Deadly 'Bolts Of Blue' From Nowhere

lightning strike in Clovis, N.M. AP

It was a clear sunny day June 30 on the east coast when a young man playing football on the beach in New Jersey was struck by lightning - a bolt out of the blue - and killed.

It was an unusual, but not unheard of, act of nature.

Earlier in June, a similar bolt struck a couple walking on a beach in Florida.

“The sun was out. There were some clouds,” Lynne Allen told CBS News Correspondent Thalia Assuras. “I just remember a crashing thunder sound and instantaneously with the thunder my body went numb.”

Allen survived the strike, but her boyfriend Christopher Lee Anderson was killed.

Almost a thousand Americans are struck by a lightning bolt every year, of which about a hundred die.

Two years ago, Gary Rudd survived a lightning strike - also on a sunny afternoon.

“Surely if there would have been a storm or any kind of a threat I would have seen it and there just plain wasn't any,” Rudd said.

Rudd said he was digging a ditch when a bolt came out of nowhere and hit him as he was holding a pitchfork. Rudd suffered severe burns on his chest, legs and foot. His jeans were scorched.

“I thought that I was on fire. I just took off into the ditch,” Rudd said.

Lightning is the most powerful natural electric force on the planet, causing more deaths annually than hurricanes and tornadoes combined. It is rare, however, for lightning to hit someone on what appears to be sunny day.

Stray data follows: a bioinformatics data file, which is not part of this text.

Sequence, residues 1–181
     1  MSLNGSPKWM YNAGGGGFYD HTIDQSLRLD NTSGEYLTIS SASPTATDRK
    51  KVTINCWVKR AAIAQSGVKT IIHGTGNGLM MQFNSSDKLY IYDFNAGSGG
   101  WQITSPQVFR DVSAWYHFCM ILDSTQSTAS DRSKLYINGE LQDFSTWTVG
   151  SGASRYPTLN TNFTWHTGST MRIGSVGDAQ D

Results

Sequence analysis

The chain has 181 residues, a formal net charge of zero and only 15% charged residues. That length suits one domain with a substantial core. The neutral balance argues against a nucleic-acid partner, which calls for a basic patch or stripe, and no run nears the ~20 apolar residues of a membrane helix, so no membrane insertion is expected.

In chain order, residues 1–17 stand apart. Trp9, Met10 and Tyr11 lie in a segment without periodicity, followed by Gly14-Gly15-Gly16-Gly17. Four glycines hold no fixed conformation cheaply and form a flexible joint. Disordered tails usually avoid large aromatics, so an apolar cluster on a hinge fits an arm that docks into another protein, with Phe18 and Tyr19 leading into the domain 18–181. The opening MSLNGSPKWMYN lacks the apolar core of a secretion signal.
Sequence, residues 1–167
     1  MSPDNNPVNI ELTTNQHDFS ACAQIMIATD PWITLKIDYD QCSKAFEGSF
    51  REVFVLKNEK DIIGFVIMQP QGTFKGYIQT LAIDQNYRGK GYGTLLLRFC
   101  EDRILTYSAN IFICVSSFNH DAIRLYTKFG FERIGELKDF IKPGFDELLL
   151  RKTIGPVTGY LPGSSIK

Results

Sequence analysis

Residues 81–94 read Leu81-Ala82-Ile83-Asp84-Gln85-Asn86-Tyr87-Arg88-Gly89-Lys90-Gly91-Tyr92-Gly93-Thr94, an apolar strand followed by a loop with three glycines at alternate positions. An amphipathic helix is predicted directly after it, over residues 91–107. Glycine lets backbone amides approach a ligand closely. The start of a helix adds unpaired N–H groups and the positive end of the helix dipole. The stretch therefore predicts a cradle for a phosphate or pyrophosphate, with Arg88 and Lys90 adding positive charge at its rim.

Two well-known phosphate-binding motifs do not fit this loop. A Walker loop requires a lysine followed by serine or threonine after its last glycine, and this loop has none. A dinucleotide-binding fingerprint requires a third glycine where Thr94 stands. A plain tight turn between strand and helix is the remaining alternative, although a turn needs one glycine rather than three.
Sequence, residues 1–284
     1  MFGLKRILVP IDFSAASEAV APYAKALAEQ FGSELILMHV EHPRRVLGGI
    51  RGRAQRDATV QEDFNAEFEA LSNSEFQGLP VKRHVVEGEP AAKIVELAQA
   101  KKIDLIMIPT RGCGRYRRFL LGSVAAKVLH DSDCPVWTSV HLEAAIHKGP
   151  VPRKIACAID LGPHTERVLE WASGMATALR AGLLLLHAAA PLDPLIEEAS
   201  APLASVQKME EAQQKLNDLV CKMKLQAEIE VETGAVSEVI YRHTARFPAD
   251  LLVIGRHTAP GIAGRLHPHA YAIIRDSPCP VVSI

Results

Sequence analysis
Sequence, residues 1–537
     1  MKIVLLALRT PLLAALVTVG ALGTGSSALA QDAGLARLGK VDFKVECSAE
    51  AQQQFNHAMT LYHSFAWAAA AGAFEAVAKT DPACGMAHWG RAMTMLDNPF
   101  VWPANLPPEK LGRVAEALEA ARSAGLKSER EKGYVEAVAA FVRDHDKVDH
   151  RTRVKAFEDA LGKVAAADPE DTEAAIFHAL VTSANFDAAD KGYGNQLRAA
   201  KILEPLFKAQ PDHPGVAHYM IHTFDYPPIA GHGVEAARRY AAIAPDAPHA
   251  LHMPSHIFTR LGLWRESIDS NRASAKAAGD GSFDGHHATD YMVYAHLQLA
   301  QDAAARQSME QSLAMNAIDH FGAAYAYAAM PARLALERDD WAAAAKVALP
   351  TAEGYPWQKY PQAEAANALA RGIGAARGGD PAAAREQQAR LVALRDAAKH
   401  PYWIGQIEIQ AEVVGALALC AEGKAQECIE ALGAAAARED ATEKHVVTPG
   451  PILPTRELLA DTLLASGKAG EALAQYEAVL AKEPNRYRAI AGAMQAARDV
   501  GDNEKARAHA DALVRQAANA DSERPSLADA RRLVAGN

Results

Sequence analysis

“There is no such thing as a bolt out of the blue lightning is always connected to thunder cloud,” said Christoph Zimmermann, a lightning expert with Global Atmospherics, Inc.

Zimmermann, who monitors lightning strikes around the country, says a thunderstorm can produce bolts that can travel up to 10 miles. So even if there is no rain in the immediate area, there is still a danger of getting hit by lightning.

“When you see the first flash of lightning off into the distance or if you hear thunder you need to seek shelter,” Zimmermann advised.

Florida leads the nation in lightning strikes with more than 3,500 hits a day in lightning season, which runs from early June through August.

But seeking shelter inside is not always completely safe.

“Even if you are inside of a building you shouldn't be talking on the phone you shouldn't be washing your dishes anything that has conduit to the outside world,” Zimmermann said.


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  • CBSNews.com staff CBSNews.com staff

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